Britten had by this time settled on the seafront of Aldeburgh on England’s east coast where in 1948, with Pears and Eric Crozier, he established the Aldeburgh Festival of Music and the Arts. This annual event witnessed the first performances of many key Britten works such as the cantata Saint Nicolas (op. 42, 1948) commemorating the centenary of Pears’s old school Lancing College, Noye’s Fludde (op. 59, 1958) an opera for amateur and professional alike and an adaptation of Shakespeare’s A Midsummer Night’s Dream composed to mark the refurbishment of Aldeburgh’s Jubilee Hall in 1960. Many performances took place in the hall as well as in local churches in places such as Orford, Blythburgh and Framlingham which gave the event a sense of local identity. Britten wished to bring music to his community and this he did by attracting many world renowned artists such as Yehudi Menuhin, Dennis Brain, Maurice Gendron and George Malcolm. The operation expanded considerably and gradually a bigger concert venue was required house a large audience and a stage that could accommodate a full-sized symphony orchestra and chorus.. In 1967 Britten and his Festival committee oversaw the lease of a disused Maltings in Snape, which was converted by Arup Associates into a Concert Hall.  

Britten’s composition encompassed ballet, chamber works, symphony and concerto but his primary interest was in the voice. He wrote a great deal of music for vocal and choral performance and usually had particular musicians in mind when he was composing. A large number of song cycles for piano and orchestral accompaniment were written for Pears. Pears, but he also composed works the baritone Dietrich Fischer-Dieskau and soprano Galina Vishnevskaya. Both of these singers, with Pears, formed the trio for whom the composer specifically wrote solo parts in his War Requiem (op. 66) of 1962, a work that decried the tragedy of war, which he regarded as one of his most important compositions. Britten also established close working relationships with instrumentalists Julian Bream, Osian Ellis and Mstislav Rostropovich, consequently enriching the repertoire for guitar, harp and cello respectively. War Requiem was written at The Red House, a large eighteenth-century farmhouse approximately a mile from the centre of Aldeburgh where Britten and Pears moved in 1957, and it was here and later at a cottage in Horham near the border between Norfolk and Suffolk that Britten continued to work for the rest of his life. Here he completed an operatic version of A Midsummer Night’s Dream (op. 64), with libretto that he and Pears arranged from Shakespeare’s play, as well as three Parables for Church performance. Britten was commissioned by the BBC to compose an opera for television and he chose as his subject another ghost story by Henry James. Owen Wingrave (op. 85), the tale of a young man from a military family who struggles with their disapproval at his decision to renounce the life of a soldier, also had personal meaning for Britten. Recorded at the composer’s request at the Maltings it was first screened on BBC television on 16 May 1971. Amid the onslaught of ill health, brought on by a severe heart condition, he wrote his final opera Death in Venice (op. 88) with librettist Myfanwy Piper, with whom he had worked on both The Turn of the Screw and Owen Wingrave. An adaptation of the novel by Thomas Mann, the opera premiered at the 1973 Aldeburgh Festival, and it contained the final principal role (that of Gustav von Aschenbach) he would write for Pears. During the next three years Britten completed a number of major pieces including A Time There Was… the orchestral Suite on English Folk Tunes (1974), A Birthday Hansel (a set of Burns songs written especially for the seventy-fifth birthday of Queen Elizabeth, the Queen Mother in 1975) and the cantata Phaedra (written for Janet Baker, and premiered at the 1976 Aldeburgh Festival). In June 1976 Britten was awarded a life peerage in recognition of his work as a musician, becoming Baron Britten of Aldeburgh in the County of Suffolk, but his waning health was by now taking its toll. He had been able to complete work on his third and final String Quartet, which was rehearsed privately for him by the Amadeus String Quartet in the Library at The Red House, but he did not live to see its premiere, which took place two weeks after his death on the 4 December 1976. Pears remained at The Red House. He continued his work as a singer and also as an administrator and teacher at the Britten-Pears School for Advanced Musical Studies at Snape which was formally opened in 1979. Pears died on 3 April 1986 and is buried beside Britten in Aldeburgh Parish Church yard.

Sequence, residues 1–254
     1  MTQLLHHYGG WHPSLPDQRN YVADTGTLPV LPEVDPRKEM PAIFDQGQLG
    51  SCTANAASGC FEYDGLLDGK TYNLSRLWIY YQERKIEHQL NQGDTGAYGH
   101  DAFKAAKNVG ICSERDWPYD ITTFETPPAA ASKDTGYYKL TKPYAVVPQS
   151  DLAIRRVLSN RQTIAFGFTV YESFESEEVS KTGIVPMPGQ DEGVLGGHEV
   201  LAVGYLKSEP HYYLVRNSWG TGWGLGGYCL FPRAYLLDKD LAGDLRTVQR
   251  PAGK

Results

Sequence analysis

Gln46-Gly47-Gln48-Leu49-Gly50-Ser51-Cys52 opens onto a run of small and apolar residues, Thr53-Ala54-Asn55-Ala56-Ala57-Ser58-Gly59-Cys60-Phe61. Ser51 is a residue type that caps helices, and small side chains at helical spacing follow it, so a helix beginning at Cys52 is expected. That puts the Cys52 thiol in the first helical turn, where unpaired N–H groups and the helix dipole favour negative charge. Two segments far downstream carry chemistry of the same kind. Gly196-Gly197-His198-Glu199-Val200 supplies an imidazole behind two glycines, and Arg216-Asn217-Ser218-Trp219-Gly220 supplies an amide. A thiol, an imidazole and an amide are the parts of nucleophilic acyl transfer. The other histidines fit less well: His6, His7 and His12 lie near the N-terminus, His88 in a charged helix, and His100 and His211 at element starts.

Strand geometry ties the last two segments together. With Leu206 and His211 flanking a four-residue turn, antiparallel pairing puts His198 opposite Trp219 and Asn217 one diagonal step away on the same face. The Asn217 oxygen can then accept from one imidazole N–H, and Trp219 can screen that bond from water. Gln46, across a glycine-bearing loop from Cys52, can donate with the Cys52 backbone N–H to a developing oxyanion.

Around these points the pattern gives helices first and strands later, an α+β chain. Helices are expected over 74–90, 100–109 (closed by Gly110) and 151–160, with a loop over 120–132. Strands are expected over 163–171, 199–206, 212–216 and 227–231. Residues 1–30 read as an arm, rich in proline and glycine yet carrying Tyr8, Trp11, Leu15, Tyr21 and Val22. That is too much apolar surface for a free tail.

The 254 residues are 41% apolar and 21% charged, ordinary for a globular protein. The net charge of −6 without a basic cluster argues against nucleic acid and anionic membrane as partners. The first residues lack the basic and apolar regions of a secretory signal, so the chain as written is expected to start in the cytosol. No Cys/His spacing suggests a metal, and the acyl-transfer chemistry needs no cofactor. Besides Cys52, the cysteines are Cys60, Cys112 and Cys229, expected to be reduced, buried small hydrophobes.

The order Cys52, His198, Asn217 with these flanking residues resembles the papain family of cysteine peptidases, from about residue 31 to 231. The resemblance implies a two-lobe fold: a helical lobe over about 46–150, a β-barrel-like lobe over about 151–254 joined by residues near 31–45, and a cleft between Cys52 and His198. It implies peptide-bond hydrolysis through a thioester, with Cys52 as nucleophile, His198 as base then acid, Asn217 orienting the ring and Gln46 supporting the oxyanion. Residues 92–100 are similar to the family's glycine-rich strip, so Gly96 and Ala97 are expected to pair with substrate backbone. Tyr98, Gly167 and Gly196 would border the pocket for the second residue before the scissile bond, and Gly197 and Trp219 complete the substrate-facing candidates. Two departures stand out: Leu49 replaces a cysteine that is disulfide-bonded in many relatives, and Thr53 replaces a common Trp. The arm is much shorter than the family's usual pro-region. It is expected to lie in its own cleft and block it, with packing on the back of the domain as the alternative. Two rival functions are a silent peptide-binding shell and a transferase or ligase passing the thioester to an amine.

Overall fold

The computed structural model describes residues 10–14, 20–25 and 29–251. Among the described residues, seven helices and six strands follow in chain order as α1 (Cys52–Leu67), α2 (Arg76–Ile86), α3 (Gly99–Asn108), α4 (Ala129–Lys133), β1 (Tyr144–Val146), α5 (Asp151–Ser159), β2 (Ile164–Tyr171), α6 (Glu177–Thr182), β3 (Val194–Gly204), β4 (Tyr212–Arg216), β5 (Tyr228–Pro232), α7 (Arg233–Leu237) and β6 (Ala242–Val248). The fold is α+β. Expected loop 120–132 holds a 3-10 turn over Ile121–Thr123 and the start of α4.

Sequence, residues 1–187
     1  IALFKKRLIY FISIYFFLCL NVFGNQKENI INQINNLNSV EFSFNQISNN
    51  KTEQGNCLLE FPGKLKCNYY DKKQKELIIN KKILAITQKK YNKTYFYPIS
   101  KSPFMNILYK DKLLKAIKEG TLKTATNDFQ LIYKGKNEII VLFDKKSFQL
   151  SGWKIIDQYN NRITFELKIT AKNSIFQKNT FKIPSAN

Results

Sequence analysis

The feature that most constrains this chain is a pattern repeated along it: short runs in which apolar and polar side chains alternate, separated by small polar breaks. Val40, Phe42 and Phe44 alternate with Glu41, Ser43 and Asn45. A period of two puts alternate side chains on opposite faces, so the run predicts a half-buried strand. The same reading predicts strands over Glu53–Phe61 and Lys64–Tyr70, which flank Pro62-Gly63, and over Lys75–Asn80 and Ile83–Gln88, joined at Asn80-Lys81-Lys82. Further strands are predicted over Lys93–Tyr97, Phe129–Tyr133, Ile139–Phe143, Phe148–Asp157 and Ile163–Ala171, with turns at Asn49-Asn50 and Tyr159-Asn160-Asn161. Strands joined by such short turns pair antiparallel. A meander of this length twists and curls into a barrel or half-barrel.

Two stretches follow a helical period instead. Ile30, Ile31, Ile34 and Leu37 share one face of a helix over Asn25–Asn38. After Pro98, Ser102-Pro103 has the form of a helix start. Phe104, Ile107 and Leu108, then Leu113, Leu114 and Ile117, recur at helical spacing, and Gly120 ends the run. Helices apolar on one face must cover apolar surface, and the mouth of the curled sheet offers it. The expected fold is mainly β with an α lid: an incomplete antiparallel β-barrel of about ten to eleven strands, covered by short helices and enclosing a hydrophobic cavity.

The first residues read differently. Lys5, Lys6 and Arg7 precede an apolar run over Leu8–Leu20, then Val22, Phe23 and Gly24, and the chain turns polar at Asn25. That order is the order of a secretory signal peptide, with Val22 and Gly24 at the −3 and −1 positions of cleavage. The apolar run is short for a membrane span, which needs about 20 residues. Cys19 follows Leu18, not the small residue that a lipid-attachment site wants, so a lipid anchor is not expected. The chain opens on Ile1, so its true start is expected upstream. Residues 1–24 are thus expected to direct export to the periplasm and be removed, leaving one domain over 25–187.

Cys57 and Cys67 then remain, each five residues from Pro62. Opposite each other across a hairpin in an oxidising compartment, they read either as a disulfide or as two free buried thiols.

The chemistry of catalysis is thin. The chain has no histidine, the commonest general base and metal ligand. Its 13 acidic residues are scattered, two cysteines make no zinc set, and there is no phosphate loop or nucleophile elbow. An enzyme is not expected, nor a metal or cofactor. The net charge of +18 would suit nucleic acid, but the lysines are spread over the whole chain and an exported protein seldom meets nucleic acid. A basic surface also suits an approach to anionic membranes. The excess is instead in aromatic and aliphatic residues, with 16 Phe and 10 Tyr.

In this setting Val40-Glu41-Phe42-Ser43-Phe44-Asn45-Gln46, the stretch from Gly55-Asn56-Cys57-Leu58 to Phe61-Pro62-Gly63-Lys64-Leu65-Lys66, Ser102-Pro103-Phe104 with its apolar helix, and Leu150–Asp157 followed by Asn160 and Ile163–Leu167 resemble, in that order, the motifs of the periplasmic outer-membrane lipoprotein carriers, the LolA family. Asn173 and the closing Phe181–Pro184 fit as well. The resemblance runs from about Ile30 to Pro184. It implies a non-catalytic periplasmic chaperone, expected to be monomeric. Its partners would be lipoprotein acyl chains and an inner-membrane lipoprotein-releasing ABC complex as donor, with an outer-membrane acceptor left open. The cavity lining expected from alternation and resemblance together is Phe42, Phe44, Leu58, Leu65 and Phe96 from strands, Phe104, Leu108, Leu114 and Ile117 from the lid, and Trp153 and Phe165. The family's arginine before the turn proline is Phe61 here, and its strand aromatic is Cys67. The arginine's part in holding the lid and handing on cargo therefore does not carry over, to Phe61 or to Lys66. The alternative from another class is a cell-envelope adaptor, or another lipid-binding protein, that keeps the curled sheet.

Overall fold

He had been the first interpreter of many of Britten’s song and major operatic roles but the composer had also found inspiration in literature, setting the work of some 500 poets throughout his life, and in the fiction and drama that influenced his choice of subject for stage works. Settings of English poetry in Serenade, Nocturne, Winter Words and Songs and Proverbs of William Blake (op. 74, 1965) as well as works in translation Songs form the Chinese (op. 58, 1957), Sechs Hölderlin-Fragmente (op. 61, 1958) and the songs of the Russian poet Pushkin The Poet’s Echo (op. 76, 1965) demonstrate a sound understanding of how verse can be interpreted, and appeal to the listener, through music. Britten was also inspired by the landscape and seascape in which he chose to live, once commenting that living in close proximity to water, the sea in particular, was essential to his creativity. Its effect can be heard most obviously in his music for Peter Grimes and Billy Budd, but it is also discernable in Saint Nicolas, Noye’s Fludde  or even in the contrasting moods of instrumental works such as Diversions (op. 21), which he composed for the pianist Paul Wittgenstein in 1940. His music for voice remains central to the choral repertoire and his song cycles, realizations of Purcell and folksong arrangements often heard in concert recital. All of Britten’s operas, including the operetta Paul Bunyan (op. 17) written with Auden in 1941, have remained in the repertoire and are finding a growing international audience.  

Information provided by the Britten-Pears Foundation


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Benjamin Britten